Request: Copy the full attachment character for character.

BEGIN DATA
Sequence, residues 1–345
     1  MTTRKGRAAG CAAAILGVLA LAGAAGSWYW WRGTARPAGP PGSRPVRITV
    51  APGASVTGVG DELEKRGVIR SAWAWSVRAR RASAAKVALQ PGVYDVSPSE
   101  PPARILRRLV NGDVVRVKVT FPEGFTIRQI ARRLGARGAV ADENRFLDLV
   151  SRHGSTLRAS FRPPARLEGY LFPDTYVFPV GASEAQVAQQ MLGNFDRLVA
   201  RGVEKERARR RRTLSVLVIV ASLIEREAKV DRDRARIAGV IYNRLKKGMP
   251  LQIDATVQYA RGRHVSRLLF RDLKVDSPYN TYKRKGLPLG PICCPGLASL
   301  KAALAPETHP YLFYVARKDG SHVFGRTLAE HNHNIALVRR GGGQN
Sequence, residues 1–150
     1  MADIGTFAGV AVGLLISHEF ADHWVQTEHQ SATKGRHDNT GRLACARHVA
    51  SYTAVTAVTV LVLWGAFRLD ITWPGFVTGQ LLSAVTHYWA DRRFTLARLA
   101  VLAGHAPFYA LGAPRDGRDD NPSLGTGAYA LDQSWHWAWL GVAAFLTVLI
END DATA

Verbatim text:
Sequence, residues 1–345
     1  MTTRKGRAAG CAAAILGVLA LAGAAGSWYW WRGTARPAGP PGSRPVRITV
    51  APGASVTGVG DELEKRGVIR SAWAWSVRAR RASAAKVALQ PGVYDVSPSE
   101  PPARILRRLV NGDVVRVKVT FPEGFTIRQI ARRLGARGAV ADENRFLDLV
   151  SRHGSTLRAS FRPPARLEGY LFPDTYVFPV GASEAQVAQQ MLGNFDRLVA
   201  RGVEKERARR RRTLSVLVIV ASLIEREAKV DRDRARIAGV IYNRLKKGMP
   251  LQIDATVQYA RGRHVSRLLF RDLKVDSPYN TYKRKGLPLG PICCPGLASL
   301  KAALAPETHP YLFYVARKDG SHVFGRTLAE HNHNIALVRR GGGQN
Sequence, residues 1–150
     1  MADIGTFAGV AVGLLISHEF ADHWVQTEHQ SATKGRHDNT GRLACARHVA
    51  SYTAVTAVTV LVLWGAFRLD ITWPGFVTGQ LLSAVTHYWA DRRFTLARLA
   101  VLAGHAPFYA LGAPRDGRDD NPSLGTGAYA LDQSWHWAWL GVAAFLTVLI